Photo Credit: Bernardus Lodge]]>
<![CDATA[Rush Creek New: Wine Tasting Tour]]> Mon, 22 Aug 2016 17:35:54 -0700 http://media.nbcbayarea.com/images/213*120/RushCreekHillsideVillaDeckkimcarroll.jpg

BIG AND LITTLE THINGS: Yosemite Valley, it might be said with the utmost confidence, is full of Very Big Things, the sorts of sights and wonders that can't quite be described by a person throwing down a lot of baroque adjectives while describing what they've seen. There's Yosemite Falls, which is one of the planet's (and possibly the solar system's) most epic waterfalls in size, and there's Half Dome, a granite hunk so humongous that even words like "humongous" can't accurately convey its colossal-ness.

BUT AREAS NEAR YOSEMITE... are devoted to the cultivation of smaller things, much smaller things, in fact, the kind of good things that spring from vines. Indeed, we speak of grapes, and the vineyards that dot the low Sierra foothills near the beloved national park. Getting acquainted with the Very Big Things, like Half Dome, is important during a Yosemite-close getaway, but so is knowing small things like grapes, and the local vineyards, if that's your jam. Rush Creek Lodge, which made its debut earlier in 2016, wants to pair up wine lovers with wine knowledge of the region, and it is doing so via its new...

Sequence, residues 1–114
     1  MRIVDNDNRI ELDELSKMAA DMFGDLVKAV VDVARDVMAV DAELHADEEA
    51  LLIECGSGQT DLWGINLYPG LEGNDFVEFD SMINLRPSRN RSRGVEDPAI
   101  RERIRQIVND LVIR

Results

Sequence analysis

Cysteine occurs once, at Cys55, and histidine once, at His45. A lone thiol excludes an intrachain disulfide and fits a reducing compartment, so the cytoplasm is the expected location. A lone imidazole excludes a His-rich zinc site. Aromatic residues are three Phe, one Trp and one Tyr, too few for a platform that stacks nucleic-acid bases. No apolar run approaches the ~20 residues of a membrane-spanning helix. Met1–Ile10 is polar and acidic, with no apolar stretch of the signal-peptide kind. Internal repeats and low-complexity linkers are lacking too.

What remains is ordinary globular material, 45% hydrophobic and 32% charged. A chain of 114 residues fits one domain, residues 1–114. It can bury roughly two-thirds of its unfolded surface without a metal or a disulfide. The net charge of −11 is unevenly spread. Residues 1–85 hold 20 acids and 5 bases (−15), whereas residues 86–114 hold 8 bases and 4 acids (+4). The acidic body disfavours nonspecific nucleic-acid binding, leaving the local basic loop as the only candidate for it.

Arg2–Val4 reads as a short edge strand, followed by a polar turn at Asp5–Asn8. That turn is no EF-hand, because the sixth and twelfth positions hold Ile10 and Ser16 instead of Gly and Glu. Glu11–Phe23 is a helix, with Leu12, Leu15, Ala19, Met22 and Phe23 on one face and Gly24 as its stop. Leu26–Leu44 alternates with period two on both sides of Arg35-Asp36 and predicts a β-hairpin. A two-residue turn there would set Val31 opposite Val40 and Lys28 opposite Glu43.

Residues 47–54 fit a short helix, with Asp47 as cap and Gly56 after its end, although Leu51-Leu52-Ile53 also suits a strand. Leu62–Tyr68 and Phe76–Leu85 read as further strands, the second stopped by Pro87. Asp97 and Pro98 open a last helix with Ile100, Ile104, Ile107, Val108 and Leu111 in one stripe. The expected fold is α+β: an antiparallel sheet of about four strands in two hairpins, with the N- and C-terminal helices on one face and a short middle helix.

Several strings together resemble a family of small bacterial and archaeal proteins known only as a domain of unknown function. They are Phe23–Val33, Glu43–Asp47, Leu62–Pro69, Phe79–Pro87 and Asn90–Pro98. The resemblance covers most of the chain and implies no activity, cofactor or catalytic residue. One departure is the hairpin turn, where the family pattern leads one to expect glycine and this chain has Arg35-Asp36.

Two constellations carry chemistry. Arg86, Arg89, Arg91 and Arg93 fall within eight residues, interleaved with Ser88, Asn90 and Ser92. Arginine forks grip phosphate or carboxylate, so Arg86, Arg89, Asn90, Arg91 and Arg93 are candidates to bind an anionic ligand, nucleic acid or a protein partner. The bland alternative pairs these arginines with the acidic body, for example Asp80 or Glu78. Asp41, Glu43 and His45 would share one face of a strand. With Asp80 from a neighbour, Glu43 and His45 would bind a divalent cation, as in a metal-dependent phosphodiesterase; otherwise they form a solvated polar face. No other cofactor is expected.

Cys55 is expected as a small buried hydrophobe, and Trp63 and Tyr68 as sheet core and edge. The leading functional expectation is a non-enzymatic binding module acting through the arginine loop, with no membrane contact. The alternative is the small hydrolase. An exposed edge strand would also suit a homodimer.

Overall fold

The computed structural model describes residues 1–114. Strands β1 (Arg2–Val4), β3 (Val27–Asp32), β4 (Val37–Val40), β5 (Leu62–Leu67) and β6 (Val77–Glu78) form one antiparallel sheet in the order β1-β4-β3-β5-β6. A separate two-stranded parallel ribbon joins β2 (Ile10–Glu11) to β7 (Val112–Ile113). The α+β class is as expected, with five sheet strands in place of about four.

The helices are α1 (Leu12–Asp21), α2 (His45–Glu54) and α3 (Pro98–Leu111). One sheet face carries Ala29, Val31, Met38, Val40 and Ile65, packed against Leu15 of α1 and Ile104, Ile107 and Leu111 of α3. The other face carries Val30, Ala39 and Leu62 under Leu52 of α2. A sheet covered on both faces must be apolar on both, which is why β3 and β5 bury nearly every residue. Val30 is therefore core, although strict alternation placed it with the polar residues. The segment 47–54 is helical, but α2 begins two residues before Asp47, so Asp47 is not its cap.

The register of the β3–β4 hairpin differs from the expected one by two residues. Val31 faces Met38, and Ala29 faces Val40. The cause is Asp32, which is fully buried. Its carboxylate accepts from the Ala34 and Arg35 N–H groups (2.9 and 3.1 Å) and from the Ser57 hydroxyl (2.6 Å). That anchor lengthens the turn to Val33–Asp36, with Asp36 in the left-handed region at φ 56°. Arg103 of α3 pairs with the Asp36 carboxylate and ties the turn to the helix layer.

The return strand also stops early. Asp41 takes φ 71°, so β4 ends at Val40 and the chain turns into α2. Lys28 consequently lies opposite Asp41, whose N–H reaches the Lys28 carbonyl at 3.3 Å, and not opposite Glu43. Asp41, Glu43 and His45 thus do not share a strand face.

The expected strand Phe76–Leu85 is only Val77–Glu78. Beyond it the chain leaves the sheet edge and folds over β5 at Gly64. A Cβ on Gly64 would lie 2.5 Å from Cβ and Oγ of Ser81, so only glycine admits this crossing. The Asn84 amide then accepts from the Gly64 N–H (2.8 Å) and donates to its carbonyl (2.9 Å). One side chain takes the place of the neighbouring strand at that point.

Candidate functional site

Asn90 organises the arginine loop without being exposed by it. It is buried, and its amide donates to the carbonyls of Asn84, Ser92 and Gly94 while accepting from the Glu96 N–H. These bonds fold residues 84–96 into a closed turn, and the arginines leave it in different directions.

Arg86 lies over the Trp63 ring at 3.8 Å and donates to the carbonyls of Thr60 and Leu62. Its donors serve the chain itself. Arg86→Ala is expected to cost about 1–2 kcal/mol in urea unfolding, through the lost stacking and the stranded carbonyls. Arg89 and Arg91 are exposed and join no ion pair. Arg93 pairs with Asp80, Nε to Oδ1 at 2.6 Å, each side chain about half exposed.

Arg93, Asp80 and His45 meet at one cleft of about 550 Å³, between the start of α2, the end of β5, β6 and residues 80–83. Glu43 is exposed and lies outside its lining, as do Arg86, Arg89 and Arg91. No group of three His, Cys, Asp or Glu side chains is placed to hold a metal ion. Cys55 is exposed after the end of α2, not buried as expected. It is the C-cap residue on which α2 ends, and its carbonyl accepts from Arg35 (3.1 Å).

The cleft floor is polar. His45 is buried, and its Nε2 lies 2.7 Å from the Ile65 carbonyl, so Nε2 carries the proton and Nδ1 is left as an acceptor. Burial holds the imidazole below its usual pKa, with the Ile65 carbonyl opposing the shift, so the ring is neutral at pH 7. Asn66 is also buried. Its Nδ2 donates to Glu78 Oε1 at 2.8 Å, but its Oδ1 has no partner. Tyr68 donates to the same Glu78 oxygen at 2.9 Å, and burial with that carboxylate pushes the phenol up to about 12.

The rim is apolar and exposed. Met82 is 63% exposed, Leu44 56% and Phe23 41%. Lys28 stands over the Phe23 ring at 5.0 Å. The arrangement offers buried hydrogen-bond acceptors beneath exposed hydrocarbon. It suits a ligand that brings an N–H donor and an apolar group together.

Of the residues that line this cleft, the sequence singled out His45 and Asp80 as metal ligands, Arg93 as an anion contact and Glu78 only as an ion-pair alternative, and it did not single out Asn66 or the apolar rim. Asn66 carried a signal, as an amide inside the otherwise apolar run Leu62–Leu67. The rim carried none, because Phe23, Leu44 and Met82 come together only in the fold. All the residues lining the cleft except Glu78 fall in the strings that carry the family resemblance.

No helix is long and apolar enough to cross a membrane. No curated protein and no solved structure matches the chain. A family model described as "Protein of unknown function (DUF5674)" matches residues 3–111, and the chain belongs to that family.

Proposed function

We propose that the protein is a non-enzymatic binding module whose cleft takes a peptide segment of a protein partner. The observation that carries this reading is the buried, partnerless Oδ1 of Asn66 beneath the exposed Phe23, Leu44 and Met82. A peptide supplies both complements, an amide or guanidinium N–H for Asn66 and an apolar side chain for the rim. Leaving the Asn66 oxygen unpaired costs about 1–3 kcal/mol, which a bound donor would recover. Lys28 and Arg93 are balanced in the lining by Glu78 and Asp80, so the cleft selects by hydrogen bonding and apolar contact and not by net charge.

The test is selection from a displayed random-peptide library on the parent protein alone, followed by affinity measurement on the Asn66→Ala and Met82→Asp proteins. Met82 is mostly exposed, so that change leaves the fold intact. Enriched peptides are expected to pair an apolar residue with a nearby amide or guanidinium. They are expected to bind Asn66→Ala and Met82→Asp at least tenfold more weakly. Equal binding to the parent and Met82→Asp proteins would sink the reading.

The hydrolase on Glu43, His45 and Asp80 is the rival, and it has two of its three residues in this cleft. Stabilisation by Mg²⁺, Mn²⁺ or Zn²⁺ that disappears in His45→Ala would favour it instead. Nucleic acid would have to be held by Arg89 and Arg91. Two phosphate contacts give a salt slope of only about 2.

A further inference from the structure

VINO TOURS: It's the Yosemite Cellars Vineyard Tour & Wine Tasting, and it is a fresh addition to the lodge's recreational offerings (fresh as of autumn 2016). Guides who know the area well will talk about the distinctive vinos that do best in and around Groveland, where Rush Creek Lodge is located. If taking in some mellow fall foliage goldenness while sipping a cab appeals, hang tight: The tour is on the way. But there are other experiences to choose from with the lodge as a springboard, including Guided Sequoia Hikes, Snowshoe Adventures, and a host of naturalist-led hikes to various destinations. Give the lodge a call for details.



Photo Credit: Kim Carroll Photography]]>
<![CDATA[Ojai Illumination: A Tree-tastic Artwork]]> Mon, 22 Aug 2016 14:18:44 -0700 http://media.nbcbayarea.com/images/213*120/IllumeByPaulFerrante2.jpg